12. Seyedhoseinpoor T, Taghipour M, Dadgoo M, Sanjari MA, Takamjani IE, Kazemnejad A, et al. Alteration of lumbar muscle morphology and composition in relation to low back pain: a systematic review and meta-analysis. Spine J. (2021). doi: 10.1016/j.spinee.2021.10.018. [Epub ahead of print].
13. Goubert D, Oosterwijck JV, Meeus M, Danneels L. Structural changes of lumbar muscles in non-specific low back pain: a systematic review. Pain Physician. (2016) 19:E985–1000. doi: 10.36076/ppj/2016.19.E985
14. Tieppo Francio V, Sherwood D, Twohey E, Barndt B, Pagan-Rosado R, Eubanks J, et al. Developments in minimally invasive surgical options for vertebral pain: basivertebral nerve ablation - a narrative review. J Pain Res. (2021) 14:1887–907. doi: 10.2147/JPR.S287275
15. Kreiner DS, Matz P, Bono CM, Cho CH, Easa JE, Ghiselli G, et al. Guideline summary review: an evidence-based clinical guideline for the diagnosis and treatment of low back pain. Spine J. (2020) 20:998–1024. doi: 10.1016/j.spinee.2020.04.006
16. Thomson S, Chawla R, Love-Jones S, Sharma M, Vajramani G, Williams A, et al. Restorative neurostimulation for chronic mechanical low back pain: results from a prospective multi-centre longitudinal cohort. Pain Ther. (2021) 10:1451–65. doi: 10.1007/s40122-021-00307-3
17. Deer TD, Gilmore G, Desai MJ, Li SC, DePalma MJ, Hopkins TJ, et al. Percutaneous peripheral nerve stimulation of the medial branch nerves for the treatment of chronic axial back pain in patients after radiofrequency ablation. Pain Med. (2021) 22:548–60. doi: 10.1093/pm/pnaa432
18. Mitchell B, Deckers K, Smedt KD, Russo M, Georgius P, Green M, et al. Durability of the therapeutic effect of restorative neurostimulation for refractory chronic low back pain. Neuromodulation. (2021) 24:1024–32. doi: 10.1111/ner.13477
19. Gilligan C, Volschenk W, Russo M, Green M, Gilmore C, Mehta V, et al. An implantable restorative-neurostimulator for refractory mechanical chronic low back pain. Pain. (2021) 162:2486–98. doi: 10.1097/j.pain.0000000000002258
20. Gilmore CA, Desai MJ, Hopkins TJ, Li S, DePalma MJ, Deer TR, et al. Treatment of chronic axial back pain with 60-day percutaneous medial branch PNS: primary end point results from a prospective, multicenter study. Pain Pract. (2021) 21:877–89. doi: 10.1111/papr.13055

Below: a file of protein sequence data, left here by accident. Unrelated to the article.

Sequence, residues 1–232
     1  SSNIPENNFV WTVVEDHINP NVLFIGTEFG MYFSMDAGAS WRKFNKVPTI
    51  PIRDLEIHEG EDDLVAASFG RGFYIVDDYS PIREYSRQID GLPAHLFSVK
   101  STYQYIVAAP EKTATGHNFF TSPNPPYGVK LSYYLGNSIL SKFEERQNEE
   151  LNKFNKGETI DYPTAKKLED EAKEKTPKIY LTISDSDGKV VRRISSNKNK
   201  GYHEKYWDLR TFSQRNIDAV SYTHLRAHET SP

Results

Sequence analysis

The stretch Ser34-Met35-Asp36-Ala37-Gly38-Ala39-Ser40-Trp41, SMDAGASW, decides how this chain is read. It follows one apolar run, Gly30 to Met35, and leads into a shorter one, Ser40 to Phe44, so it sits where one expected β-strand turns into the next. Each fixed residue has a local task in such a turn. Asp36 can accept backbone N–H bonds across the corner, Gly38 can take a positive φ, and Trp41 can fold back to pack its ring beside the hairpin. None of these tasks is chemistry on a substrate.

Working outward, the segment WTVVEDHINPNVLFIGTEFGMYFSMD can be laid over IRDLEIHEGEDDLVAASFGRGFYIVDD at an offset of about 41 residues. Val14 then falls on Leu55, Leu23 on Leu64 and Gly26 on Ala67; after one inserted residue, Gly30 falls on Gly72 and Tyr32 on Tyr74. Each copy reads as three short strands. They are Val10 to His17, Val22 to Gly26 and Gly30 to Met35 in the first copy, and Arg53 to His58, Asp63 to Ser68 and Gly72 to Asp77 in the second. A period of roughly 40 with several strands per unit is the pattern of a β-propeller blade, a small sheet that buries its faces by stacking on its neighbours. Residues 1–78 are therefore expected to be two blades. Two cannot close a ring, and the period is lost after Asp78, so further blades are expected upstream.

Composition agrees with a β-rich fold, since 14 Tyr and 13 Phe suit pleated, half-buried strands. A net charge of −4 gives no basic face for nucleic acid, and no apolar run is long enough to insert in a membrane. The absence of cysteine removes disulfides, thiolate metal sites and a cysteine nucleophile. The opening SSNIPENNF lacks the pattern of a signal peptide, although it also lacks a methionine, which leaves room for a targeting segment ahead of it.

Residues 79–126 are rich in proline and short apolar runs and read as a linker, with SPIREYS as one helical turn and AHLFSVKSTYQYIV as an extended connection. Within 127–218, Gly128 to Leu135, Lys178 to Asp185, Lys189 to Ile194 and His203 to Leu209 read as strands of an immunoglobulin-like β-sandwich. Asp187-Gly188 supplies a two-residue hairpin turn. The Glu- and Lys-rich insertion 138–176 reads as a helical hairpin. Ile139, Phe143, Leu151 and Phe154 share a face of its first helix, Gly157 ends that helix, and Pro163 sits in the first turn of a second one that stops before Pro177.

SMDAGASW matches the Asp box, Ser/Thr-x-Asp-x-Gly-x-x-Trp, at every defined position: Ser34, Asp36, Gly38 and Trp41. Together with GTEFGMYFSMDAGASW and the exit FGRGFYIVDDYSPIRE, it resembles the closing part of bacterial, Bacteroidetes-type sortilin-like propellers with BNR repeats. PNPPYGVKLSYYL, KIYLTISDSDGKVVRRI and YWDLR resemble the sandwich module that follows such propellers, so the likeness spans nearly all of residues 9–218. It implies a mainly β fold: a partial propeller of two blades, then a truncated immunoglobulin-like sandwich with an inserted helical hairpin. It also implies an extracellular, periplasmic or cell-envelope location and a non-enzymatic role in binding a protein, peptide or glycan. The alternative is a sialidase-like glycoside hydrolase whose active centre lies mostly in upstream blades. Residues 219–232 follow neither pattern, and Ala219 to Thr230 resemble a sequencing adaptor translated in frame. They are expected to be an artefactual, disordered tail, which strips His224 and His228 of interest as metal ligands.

21. Gilmore CA, Kapural L, McGee MJ, Boggs JW. Percutaneous peripheral nerve stimulation for chronic low back pain: prospective case series with 1 year of sustained relief following short-term implant. Pain Pract. (2020) 20:310–20. doi: 10.1111/papr.12856
22. Gilmore CA, Kapural L, McGee M, Boggs J. Percutaneous peripheral nerve stimulation (PNS) for the treatment of chronic low back pain provides sustained relief. Neuromodulation. (2019) 22:615–20. doi: 10.1111/ner.12854
23. Cohen S, Gilmore C, Kapural L, Hanling SR, Plunkett AR, McGee MJ, et al. Percutaneous peripheral nerve stimulation for pain reduction and improvements in functional outcomes in chronic low back pain. Mil Med. (2019) 184(Suppl. 1):537–41. doi: 10.1093/milmed/usy310
24. Deckers K, De Smedt K, Mitchell B, Vivian D, Russo M, Georgius P, et al. New therapy for refractory chronic mechanical low back pain-restorative neurostimulation to activate the lumbar multifidus: one year results of a prospective multicenter clinical trial. Neuromodulation. (2018) 21:48–55. doi: 10.1111/ner.12741
25. Kapural L, Gilmore CA, Chae J, Rauck RL, Cohen SP, Saulino MF, et al. Percutaneous peripheral nerve stimulation for the treatment of chronic low back pain: two clinical case reports of sustained pain relief. Pain Pract. (2018) 18:94–103. doi: 10.1111/papr.12571
26. Tieppo Francio V, Polston KF, Murphy MT, Hagedorn JM, Sayed D. Management of chronic and neuropathic pain with 10 kHz spinal cord stimulation technology: summary of findings from preclinical and clinical studies. Biomedicines. (2021) 9:644. doi: 10.3390/biomedicines9060644
27. Abdi S, Datta S, Trescot AM, Schultz DM, Adlaka R, Atluri SL, et al. Epidural steroids in the management of chronic spinal pain: a systematic review. Pain Physician. (2007) 10:185–212. doi: 10.36076/ppj.2007/10/185